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Presentation of mutltithreading concepts.

Presentation of mutltithreading concepts.

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  • Task.Factory.StartNew (Go); ThreadPool.QueueUserWorkItem

Multithreading Presentation Multithreading Presentation Presentation Transcript

  • Neeraj Kaushik
    • Why we use threads
    • Synchronization Concepts
    • Using Threads
    • Asynchronous Pattern
    • Parallel Programming
    • Q&A
    • Process is independent, runs in its isolated boundary which its OS has assigned address spaces while thread is subset of process which share same memory and resources.
    • Context Switching between threads in same process is typically faster than context switching between processes.
    • Processes interact only through system provided inter-process communication (like remoting, message queues etc.)
  •  
    • Thread th1=new Thread(new ThreadStart(Run));
    • Th1.Start();
    • Thread th1= new Thread(Run);
    • th1.Run();
    • new Thread(Run).Start();
    • Thread th1 = new Thread(new ParameterizedThreadStart(Run));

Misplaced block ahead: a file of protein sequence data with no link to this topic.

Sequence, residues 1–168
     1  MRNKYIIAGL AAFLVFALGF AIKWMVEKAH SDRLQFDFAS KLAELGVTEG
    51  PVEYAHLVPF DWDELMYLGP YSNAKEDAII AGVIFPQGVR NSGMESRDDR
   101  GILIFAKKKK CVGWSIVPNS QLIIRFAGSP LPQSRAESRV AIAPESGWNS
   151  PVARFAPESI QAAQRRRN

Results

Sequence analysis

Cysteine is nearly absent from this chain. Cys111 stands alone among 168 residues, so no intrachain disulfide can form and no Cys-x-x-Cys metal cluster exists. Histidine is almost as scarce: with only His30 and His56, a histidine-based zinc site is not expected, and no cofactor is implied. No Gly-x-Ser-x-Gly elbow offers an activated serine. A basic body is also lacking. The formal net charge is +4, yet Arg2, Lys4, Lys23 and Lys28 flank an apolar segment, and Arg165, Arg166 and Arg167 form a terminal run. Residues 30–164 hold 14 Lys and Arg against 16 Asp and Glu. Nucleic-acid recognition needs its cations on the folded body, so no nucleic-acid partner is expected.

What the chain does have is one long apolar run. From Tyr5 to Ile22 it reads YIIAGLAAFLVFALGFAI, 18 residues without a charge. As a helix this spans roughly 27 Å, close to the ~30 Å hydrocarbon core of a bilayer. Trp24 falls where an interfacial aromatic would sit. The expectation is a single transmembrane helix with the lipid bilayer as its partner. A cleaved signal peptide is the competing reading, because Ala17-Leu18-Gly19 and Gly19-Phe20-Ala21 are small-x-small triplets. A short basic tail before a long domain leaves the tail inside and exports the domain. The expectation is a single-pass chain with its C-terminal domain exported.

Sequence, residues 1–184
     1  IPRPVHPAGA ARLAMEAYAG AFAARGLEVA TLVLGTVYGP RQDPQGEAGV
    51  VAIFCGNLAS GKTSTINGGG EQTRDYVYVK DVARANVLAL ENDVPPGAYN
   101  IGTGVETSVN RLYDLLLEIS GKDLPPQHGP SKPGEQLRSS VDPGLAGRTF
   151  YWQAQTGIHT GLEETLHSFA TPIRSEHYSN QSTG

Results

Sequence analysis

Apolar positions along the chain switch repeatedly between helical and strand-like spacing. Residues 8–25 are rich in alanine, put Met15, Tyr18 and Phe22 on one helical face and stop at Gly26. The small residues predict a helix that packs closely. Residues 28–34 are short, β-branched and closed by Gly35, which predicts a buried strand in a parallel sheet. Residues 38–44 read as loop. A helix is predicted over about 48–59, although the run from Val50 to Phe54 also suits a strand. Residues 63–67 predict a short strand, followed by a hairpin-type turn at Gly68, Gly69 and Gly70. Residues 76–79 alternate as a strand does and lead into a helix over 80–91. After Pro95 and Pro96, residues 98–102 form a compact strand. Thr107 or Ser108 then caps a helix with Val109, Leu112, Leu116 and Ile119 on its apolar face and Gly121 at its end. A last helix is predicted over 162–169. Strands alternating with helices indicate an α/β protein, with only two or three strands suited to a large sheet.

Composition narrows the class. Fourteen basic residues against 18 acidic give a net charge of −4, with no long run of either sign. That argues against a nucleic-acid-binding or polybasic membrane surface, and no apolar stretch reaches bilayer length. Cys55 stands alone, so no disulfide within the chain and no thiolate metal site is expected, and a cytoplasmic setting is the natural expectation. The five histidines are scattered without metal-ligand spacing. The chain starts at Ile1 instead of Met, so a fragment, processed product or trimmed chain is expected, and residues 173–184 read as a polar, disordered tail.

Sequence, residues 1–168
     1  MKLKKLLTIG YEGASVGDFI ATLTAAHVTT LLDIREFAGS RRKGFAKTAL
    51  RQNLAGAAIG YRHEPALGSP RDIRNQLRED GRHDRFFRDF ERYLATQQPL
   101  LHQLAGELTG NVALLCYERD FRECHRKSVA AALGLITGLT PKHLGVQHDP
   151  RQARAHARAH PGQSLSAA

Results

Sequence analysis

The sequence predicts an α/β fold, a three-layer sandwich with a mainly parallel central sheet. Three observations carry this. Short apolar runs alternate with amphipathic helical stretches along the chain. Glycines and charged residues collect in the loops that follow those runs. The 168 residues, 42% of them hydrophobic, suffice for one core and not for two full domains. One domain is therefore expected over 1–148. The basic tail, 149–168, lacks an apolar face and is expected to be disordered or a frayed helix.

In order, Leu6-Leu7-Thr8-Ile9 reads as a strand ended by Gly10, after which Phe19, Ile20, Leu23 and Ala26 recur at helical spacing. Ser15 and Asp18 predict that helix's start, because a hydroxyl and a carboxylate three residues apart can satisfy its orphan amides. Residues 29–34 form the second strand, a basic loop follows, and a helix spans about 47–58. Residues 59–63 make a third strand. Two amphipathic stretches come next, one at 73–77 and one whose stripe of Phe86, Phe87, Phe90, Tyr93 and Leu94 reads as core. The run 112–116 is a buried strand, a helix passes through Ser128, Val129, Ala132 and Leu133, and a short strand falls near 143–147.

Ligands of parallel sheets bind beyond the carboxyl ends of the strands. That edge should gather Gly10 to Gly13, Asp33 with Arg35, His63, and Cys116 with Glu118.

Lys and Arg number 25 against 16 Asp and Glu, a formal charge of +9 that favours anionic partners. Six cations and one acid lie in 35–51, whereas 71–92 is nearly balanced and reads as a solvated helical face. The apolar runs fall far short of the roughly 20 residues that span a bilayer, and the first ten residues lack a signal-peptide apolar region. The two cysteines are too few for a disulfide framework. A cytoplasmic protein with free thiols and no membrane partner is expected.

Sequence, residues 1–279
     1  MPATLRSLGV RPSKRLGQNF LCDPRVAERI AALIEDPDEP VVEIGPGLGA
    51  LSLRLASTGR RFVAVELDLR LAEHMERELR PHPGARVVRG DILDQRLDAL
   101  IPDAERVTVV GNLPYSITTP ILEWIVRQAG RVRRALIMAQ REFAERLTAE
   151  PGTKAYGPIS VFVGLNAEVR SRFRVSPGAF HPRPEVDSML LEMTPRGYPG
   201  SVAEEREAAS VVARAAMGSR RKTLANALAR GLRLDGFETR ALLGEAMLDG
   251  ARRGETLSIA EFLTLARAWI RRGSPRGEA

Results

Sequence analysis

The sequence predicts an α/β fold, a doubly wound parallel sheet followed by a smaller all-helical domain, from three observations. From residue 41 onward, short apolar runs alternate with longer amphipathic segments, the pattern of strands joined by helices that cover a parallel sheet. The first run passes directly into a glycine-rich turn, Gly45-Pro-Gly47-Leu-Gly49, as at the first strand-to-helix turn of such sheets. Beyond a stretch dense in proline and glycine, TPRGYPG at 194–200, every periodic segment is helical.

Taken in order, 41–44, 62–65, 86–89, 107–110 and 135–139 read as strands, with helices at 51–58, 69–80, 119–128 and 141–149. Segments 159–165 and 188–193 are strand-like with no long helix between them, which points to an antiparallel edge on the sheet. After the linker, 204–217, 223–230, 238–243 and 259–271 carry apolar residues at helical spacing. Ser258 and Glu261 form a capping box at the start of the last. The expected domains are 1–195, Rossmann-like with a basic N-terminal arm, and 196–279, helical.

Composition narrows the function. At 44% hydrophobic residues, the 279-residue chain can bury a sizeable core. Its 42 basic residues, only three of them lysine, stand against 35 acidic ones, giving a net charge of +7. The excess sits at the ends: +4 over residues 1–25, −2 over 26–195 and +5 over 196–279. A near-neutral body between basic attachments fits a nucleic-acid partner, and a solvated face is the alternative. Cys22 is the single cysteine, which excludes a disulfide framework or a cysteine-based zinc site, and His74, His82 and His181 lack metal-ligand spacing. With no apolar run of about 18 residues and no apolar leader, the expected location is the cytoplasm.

• th1.Run(“hello”);
    • Thread th1=new Thread(delegate() { Console.WriteLine(“Running in anonoumys method”);});
    • th1.Start();
    • Basic
      • Sleep
      • Join
    • Advance Synchronization
      • Lock
      • Monitor
      • Wait Handle
      • Mutex
      • Semaphore
      • Reader Writer Lock
    • Lock: ensures one thread can access critical section of code at a time. Lock keyword expect synchronized object as reference type.
    • public void Insert(int index, T item)
    • {
    • lock (locker)
    • _list.Insert(index, item); }
    • public void RemoveAt(int index)
    • {
    • lock (locker)
    • _list.RemoveAt(index);
    • }
    • Monitor.Enter(object obj) : This method acquires exclusive lock on the specified object.
    • Monitor.Exit(object obj) : Release exclusive lock on the specified object.
    • Monitor.TryEnter(object obj): It try to acquire exclusive, if fails return false else return true. You can also put time period to wait for acquiring lock.
    • Monitor.Wait(object obj) : It release locks and block current thread until reacquires lock on specified object.
    • Monitor.Pulse(object obj): Notifies a thread in the waiting queue of a change in locked object state.
    • Monitor.PulseAll(object obj): Notifies all threads in the waiting queue of a change in locked object state.
    • Ensures just one thread can access a resource, or section of code. It can work for inter process synchronization.